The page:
“Sensewalk #1” was the first time Gutierrez had used what he calls “sense work” outside a dance-studio setting. The exploration was also shorter than he is used to. He had a hard time deciding how much information to give, how much to talk and how much time to leave for exploration. Personally, I couldn’t process the verbal information while I was trying to discover what was inside the “sense work,” and occasionally I wanted to explore without someone talking. But mostly he got the balance right.

Russian dance artist Sasha Konnikova first exposed Gutierrez to “sense work” during an artist exchange through Dance Theater Workshop’s Suitcase Fund. She had learned it from Dutch artist Frans Poelstra.

“Something about it cracked something open for me,” he told me. Something “about the internalness of different materials and media, particularly something about sound-making, and about expressing the environment in a different way. It was a mode I was unfamiliar with. Something was awakened and I have really gone in my own direction with it.”

Gutierrez now uses “sense work” as one mode of training for himself and and his dancers.

When I asked him to revisit the comments on hearing he made during the walk, he said, “My general understanding is that when we perceive sound we name it; at least that’s the conventional understanding. But if you put space into your awareness, what happens is you start to experience an emotional sense of your relationship to qualitative aspects of sound, an amplified, internal experience that we imbue with meaning. The senses are often discussed in terms of how we perceive external enjoyment, the senses from the outside, but this is not the whole picture. The senses are also tied to our interior life. We move between our experience, our reaction,” and how we inscribe meaning.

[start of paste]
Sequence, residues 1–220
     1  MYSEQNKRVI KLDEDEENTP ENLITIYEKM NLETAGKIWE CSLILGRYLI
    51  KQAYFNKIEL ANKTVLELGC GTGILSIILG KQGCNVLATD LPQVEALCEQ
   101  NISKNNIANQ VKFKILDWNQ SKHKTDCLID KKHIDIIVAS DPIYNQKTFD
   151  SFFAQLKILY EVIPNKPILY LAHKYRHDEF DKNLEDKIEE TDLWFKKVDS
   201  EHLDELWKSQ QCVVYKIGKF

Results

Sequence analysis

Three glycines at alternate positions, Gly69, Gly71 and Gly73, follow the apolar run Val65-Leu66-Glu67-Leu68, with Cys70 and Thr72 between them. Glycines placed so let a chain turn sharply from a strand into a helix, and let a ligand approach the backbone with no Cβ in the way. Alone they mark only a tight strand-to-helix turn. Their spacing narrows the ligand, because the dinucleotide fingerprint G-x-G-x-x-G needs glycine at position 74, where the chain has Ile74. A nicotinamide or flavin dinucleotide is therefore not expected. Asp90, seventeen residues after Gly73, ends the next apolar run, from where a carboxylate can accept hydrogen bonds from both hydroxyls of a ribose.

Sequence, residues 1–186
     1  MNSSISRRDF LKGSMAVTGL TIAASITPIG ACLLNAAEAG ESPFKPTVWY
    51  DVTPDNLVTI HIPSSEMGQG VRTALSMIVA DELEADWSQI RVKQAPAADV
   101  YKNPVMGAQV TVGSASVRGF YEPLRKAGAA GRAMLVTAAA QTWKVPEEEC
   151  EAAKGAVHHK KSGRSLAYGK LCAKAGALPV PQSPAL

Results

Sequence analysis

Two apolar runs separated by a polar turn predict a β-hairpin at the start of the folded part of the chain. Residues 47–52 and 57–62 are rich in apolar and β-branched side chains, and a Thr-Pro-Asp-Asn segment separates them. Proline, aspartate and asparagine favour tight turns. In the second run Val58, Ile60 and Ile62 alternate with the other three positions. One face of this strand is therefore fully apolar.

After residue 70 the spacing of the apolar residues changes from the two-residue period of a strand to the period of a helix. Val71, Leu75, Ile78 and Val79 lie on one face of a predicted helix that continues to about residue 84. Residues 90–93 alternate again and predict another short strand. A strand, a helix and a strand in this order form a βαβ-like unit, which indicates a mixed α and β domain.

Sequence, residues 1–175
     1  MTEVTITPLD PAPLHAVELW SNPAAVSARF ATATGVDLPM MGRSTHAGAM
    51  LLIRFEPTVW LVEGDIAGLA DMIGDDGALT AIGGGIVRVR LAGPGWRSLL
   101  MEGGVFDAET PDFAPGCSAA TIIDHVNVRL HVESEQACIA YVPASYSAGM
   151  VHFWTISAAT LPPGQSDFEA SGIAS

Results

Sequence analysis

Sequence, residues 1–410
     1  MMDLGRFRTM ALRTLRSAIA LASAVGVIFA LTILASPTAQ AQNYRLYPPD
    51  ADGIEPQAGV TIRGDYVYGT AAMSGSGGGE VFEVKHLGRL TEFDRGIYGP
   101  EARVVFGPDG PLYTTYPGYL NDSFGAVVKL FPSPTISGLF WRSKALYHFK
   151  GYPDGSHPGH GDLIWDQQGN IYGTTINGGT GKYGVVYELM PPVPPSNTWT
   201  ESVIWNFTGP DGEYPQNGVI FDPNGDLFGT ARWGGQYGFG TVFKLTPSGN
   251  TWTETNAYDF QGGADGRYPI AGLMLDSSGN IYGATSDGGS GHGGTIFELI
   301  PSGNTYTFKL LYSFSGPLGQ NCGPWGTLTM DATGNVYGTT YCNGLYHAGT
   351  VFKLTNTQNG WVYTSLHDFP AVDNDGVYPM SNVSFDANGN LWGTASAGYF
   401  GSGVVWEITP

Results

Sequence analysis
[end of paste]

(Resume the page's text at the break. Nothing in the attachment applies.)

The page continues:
“The purpose of the walks,” he said finally, “is to get into the poetics of the senses — how do I feel about my location in the world? How do the senses aid us in interactions with people? With our eyes closed we become conscious of how much poetry there is in every sound. As soon as we shut down one sense, [sight for example], we become hyper-aware of the symphony around us. It’s a new way of relating to the existing environment.”

At the top of a small hill, in the midst of the park’s great lawn, “sensewalkers” spoke of their personal revelations. Perhaps we didn’t all have “poetic exchanges,” but many of us had a new, altered knowledge of a familiar environment.